Image credit: Anders V
If you study communication or have been in the 7th grade, someone, somewhere, taught you to use “I” statements rather than blaming statements to let people know you are upset. The idea is if you express yourself in a way that doesn’t escalate the conflict everyone’s needs will be met and the world will be a better place. And that is all true, except–
It’s hard to do it with a straight face.
I mean, can you imagine responding to the boss who likes to humiliate you in the weekly staff meeting by saying “I feel embarrassed when you yell at me in front of all of these people. Could you speak to me more respectfully?
It’s a perfectly reasonable request, stated very clearly–and yet unlikely to land–at least in the situations where you most need it.
So what to do? You could:
- Yell back
- Suck it up
- Say nothing in the meeting and trash talk him behind his back*
Or–you can try a modified “I” statement.
The real difficulty with the traditional “I” statement is that it’s awkward. It involves two rare communication techniques (expressing emotions in words and asking for what you want directly) squished back to back. So unless you have a lot of practice, or are in an environment where this form of communication is common, (hint–if people are wearing tie-dye and/or using the term “far out” without irony you may be in such a place) it’s really hard to pull off.
Luckily, you don’t have to study non-violent communication for years or move to a commune to benefit from “I” statements–you can begin by splitting the statement in half. In other words, rather than sharing your emotional state and making a direct request, try acknowledging your emotional state in your head and then expressing your request out loud.
Most of the time this request is going to be for more information, or for the same information to be delivered in another way. Why? Laird Schwab calls it virtual earwax. Strong emotions can act like earwax–making it very hard to really hear what’s going on. By acknowledging your emotional state in your head, you are able to remove some of that earwax (assuming you catch it soon enough), so you will be ready to have information repeated in a way it can get through.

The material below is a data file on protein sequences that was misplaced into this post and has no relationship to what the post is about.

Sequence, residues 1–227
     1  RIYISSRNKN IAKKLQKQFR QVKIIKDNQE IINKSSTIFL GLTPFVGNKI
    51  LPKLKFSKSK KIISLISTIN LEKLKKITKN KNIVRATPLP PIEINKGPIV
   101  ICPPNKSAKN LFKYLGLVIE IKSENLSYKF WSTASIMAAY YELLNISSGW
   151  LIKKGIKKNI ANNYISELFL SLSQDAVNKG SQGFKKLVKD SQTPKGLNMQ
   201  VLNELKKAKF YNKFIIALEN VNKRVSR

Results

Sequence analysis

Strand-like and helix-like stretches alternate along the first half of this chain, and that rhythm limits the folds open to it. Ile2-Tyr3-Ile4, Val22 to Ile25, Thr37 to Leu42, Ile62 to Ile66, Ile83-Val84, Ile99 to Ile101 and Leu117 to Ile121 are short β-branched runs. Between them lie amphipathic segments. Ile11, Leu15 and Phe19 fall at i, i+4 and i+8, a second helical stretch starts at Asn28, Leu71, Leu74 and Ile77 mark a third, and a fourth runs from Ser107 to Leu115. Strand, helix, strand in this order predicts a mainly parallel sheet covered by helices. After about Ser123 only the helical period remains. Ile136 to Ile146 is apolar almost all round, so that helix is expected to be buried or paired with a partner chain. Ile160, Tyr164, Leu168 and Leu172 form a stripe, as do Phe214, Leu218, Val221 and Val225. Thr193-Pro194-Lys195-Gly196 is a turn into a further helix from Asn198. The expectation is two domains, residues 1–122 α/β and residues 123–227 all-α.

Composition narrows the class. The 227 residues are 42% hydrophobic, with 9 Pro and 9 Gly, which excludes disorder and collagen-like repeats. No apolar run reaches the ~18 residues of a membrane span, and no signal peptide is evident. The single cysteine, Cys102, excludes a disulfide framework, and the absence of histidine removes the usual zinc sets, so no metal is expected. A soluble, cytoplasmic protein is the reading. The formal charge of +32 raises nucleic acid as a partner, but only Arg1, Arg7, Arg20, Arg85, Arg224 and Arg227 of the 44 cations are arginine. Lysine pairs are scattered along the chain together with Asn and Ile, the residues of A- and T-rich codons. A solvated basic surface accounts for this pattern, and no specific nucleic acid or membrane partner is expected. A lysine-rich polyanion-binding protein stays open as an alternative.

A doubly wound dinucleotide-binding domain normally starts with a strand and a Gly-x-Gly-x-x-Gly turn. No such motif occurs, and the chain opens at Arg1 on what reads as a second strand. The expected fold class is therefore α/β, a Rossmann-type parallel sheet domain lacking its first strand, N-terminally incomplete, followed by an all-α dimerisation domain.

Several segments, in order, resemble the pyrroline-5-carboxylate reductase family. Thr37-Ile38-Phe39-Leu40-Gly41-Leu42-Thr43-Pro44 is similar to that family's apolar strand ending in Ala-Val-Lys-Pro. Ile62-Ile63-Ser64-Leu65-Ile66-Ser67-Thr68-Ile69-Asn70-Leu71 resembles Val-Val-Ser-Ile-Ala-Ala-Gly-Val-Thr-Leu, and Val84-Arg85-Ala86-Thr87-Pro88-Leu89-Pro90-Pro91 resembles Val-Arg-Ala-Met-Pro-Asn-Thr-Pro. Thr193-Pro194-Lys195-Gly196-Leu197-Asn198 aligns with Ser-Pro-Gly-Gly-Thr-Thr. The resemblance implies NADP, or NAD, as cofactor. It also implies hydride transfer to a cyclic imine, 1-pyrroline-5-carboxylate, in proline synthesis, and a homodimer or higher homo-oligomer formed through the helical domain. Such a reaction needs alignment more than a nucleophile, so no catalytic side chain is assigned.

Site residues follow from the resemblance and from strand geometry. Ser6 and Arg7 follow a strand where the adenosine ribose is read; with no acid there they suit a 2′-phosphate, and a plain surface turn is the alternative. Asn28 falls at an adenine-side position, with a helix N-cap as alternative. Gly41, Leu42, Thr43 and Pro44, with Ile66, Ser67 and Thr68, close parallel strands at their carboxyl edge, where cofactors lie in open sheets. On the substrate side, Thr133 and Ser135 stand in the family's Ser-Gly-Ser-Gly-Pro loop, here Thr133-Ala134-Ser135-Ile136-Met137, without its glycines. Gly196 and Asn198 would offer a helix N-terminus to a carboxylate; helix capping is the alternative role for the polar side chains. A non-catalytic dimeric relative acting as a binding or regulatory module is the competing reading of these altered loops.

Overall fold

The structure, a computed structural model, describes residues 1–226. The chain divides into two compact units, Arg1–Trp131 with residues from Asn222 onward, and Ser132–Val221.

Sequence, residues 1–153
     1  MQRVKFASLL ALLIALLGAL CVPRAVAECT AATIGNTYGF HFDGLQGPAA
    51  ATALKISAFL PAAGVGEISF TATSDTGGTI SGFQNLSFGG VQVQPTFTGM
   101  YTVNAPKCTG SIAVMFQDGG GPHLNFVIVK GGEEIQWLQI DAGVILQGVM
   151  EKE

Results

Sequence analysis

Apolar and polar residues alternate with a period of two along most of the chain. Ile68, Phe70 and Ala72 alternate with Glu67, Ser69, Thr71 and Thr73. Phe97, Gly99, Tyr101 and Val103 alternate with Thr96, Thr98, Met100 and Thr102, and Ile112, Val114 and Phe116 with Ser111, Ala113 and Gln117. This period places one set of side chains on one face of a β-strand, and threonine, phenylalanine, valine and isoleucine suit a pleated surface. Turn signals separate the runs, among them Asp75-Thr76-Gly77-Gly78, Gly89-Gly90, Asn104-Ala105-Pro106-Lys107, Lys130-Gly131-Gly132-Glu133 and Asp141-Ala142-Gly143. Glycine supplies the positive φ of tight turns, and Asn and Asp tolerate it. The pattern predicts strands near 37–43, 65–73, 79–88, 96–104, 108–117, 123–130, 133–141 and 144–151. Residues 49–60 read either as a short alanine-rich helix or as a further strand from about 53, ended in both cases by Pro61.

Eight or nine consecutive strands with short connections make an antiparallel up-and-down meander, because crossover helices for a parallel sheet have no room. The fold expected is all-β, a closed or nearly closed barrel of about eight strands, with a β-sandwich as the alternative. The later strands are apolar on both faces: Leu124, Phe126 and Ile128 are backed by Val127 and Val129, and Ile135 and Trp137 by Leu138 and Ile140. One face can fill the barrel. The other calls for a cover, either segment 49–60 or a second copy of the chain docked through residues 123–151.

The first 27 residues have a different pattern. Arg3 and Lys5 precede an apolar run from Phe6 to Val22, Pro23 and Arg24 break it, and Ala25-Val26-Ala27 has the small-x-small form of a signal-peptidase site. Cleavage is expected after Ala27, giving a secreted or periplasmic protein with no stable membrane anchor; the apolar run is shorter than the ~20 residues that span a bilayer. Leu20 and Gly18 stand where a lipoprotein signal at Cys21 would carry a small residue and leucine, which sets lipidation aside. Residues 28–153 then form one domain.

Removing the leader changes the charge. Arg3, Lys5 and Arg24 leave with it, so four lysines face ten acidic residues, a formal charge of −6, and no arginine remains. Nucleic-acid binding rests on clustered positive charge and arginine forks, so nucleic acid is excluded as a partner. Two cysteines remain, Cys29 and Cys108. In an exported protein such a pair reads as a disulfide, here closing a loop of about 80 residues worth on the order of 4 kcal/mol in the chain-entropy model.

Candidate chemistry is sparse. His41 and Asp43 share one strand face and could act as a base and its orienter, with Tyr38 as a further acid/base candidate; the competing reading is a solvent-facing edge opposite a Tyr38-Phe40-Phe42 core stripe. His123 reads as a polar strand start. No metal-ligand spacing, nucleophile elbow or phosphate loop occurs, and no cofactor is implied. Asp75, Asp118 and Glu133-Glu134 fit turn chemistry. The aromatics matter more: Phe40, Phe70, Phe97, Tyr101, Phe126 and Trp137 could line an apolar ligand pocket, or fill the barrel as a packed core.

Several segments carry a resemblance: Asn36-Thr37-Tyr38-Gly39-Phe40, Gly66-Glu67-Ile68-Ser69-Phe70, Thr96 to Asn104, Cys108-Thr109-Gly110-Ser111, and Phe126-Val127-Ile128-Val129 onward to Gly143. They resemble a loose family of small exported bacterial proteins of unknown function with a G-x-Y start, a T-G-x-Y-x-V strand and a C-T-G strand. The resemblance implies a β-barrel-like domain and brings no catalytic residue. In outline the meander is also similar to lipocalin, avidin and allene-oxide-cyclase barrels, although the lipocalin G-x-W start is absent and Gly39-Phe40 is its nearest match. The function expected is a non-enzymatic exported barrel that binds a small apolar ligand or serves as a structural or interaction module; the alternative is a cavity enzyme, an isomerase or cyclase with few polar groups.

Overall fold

The way you word the request for information will be slightly different depending on the situation, but the way through each involves a process called appreciative inquiry–the practice of asking honest, neutral, and open ended questions for the purpose of increasing one’s understanding of another perspective. (as defined by the Mach 30 consensus policy)
For example, going back to being yelled at in the staff meeting, if after acknowledging in your head that you are feeling defensive (or whatever the emotion is) and deciding, despite his delivery method, there may be something valuable in what he’s trying to communicate, you can set your own upset aside for a moment and say:
- I understand you are unhappy with my work. Could you give me some specific advice on how to make this report better for next time?
- I want to do better next time. How can we change the process so we are both happier next week?
- I want to make sure I understand where you are coming from–could you repeat the action steps for me?
If you are the boss, you don’t have to yell to get your way. When you are disappointed (or what ever the emotion is) try asking:
- What can I do to make my expectations more clear on the next assignment?
- Can you tell me what happened so we can avoid those circumstances in the future?
- What do you need from me to be successful?
Why this works
Most of the value of expressing your emotional state in words lies in recognizing for yourself what you are feeling so you can decide how to respond using your emotions as information rather than the driver of your behavior. You get this benefit by naming your emotion in your head–so in many situations you can skip saying it out loud. In this way you only use one rare communication technique– which is easier to execute and easier for others to hear.
By using appreciative inquiry, you provide an opening for others to express themselves clearly. Since being understood is a basic human need, almost everyone responds positively to the opportunity.
If you are the victim of crappy communicators why should it fall to you to do all the work?
- Because there is nothing you can do about the behavior of others but you can change how you respond.
- It’s to your advantage to get as much feedback as possible in most situations. Unfortunately, much of the feedback we get from others is delivered in an emotional package that can be hard to decipher. By first clearing your own emotional ear wax and then using appreciative inquiry to help others deliver information in a way that you are able to hear, you gain the advantage of getting a clearer picture of the situation at hand.
*While I don’t suggest passive-aggression as a tool for getting your needs met, it can provide hours of internet fun.